weather icon Clear

With hands from bands, Las Vegas studio still stands

The shelves are heavy with Las Vegas music history, stocked with dozens of 2-inch tapes packed into binders whose spines attest to all the bands that have recorded here: Happy Campers, Slow to Surface, Home Cooking, A Pig Named Jodi, to name a few.

“Look at all the Hemlock tapes,” Mike “Lazer” Lavin says, pointing to a bottom shelf loaded with recordings from the long-running Henderson metallers.

Lavin is standing in a backroom of Digital Insight Recording Studios, a local music staple that almost ceased to be.

Upon opening more than two decades ago, Digital Insight was one of the first big-time studios in Las Vegas, a designation underscored by walls lined with framed platinum plaques from albums by Kanye West, Kenny Chesney and Barry Manilow that were recorded here.

“This place was a game- changer back in the ’90s. This was the spot,” says Lavin, who started here as an assistant and who now runs the place. “My first job here was pushing a talk-back button while they were recording ‘Crank Yankers.’ Jimmy Kimmel was here, David Alan Grier, all those guys. When they wanted a high-end studio, they went here. And then a couple of bigger (studios) opened, which was fine, but right about then the whole demographics of the music business changed.”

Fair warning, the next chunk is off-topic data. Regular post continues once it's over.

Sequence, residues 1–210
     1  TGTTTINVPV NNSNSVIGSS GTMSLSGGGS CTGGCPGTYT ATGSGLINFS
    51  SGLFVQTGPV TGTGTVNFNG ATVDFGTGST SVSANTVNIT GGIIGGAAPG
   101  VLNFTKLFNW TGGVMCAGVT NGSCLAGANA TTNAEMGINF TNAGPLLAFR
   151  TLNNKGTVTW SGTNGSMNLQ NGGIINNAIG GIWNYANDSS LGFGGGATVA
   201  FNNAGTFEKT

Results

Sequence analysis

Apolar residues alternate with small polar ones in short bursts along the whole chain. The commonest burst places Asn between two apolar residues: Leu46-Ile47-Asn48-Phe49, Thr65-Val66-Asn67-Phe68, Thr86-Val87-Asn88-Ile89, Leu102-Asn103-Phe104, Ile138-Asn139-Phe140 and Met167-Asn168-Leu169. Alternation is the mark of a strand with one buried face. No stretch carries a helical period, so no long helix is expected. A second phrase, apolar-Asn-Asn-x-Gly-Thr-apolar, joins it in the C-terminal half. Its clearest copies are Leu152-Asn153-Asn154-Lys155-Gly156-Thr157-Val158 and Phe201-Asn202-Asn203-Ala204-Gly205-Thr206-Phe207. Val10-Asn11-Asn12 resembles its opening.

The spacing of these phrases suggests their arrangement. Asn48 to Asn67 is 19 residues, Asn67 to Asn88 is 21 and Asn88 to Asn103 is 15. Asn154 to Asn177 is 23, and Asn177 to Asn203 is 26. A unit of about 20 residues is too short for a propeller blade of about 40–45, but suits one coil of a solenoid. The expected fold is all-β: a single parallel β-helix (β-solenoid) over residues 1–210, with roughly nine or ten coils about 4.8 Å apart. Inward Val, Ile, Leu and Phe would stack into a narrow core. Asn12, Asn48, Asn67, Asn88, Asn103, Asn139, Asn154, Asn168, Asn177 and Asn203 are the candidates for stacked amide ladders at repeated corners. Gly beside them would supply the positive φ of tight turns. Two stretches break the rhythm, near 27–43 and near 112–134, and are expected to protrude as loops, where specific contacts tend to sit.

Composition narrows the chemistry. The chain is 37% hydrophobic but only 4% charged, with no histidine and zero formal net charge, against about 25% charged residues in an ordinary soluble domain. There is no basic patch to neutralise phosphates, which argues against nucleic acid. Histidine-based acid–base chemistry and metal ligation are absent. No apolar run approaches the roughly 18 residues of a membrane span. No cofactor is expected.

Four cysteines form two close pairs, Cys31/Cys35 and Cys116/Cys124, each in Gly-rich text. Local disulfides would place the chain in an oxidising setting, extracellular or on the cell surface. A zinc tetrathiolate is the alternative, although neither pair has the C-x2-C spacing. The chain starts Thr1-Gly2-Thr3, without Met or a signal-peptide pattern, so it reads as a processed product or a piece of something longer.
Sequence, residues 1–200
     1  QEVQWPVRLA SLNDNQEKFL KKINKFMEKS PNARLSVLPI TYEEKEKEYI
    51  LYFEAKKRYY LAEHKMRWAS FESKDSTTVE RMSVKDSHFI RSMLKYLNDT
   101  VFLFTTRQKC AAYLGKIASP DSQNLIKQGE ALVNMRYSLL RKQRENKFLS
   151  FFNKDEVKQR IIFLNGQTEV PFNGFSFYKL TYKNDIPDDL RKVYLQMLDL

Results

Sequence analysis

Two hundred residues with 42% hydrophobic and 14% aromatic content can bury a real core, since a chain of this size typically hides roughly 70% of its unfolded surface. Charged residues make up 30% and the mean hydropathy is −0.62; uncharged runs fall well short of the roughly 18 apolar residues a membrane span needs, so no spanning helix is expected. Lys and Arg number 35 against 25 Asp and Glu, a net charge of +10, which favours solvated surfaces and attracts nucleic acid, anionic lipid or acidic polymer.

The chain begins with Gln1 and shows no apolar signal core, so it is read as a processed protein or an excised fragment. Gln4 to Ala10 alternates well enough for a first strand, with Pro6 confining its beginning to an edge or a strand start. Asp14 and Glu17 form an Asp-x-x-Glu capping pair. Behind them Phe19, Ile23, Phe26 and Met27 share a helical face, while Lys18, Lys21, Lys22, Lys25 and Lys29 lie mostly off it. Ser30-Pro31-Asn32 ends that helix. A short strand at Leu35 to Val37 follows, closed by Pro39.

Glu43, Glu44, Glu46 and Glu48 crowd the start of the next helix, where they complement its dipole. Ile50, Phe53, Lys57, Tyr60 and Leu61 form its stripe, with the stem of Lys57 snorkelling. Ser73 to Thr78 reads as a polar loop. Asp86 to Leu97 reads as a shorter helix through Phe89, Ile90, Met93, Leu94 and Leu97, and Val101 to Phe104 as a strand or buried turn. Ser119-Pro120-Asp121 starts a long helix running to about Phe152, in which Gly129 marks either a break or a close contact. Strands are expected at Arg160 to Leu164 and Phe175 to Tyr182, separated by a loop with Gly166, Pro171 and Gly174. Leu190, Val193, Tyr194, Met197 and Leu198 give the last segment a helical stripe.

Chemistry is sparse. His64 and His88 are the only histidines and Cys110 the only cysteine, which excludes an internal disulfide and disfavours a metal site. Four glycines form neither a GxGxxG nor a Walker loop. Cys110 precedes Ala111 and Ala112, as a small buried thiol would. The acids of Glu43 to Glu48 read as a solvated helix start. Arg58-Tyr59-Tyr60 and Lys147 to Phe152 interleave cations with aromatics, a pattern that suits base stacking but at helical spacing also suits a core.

The shift that Lavin speaks of was seismic: a move to digital recording via programs such as Pro Tools, which made home recording or tracking in much smaller studios easier and hence threatened the existence of a place like Digital Insight.

But recently, Lavin oversaw a massive rewiring of the studio, which in addition to computer and software improvements done earlier, have helped keep this Las Vegas music touchstone viable.

Keeping the studio alive was a communal effort, with local musicians and producers such as Columbyne guitarist Jamie Jackson and Black Camaro frontman Brian Garth volunteering their time to help with the renovations.

“This place has done a lot for me,” Jackson says while seated on a couch in the control room of Digital Insight’s main studio. “We need to keep a place like this alive for local artists.”

“It was a grass-roots effort,” adds Tiger Stylz, an engineer/producer who has worked here for more than a dozen years and who helped paint and sand the refurbished studio late into the night. “We need this.”

Who knows what records will come from Digital Insight in the future — but at least now there’s a future to speak of.

“There will always be the cheaper studio, and there will always be the more expensive studio,” Lavin says. “But this is our studio.”

Contact reporter Jason Bracelin at jbracelin@reviewjournal.com or 702-383-0476. Follow on Twitter @JasonBracelin.

Don't miss the big stories. Like us on Facebook.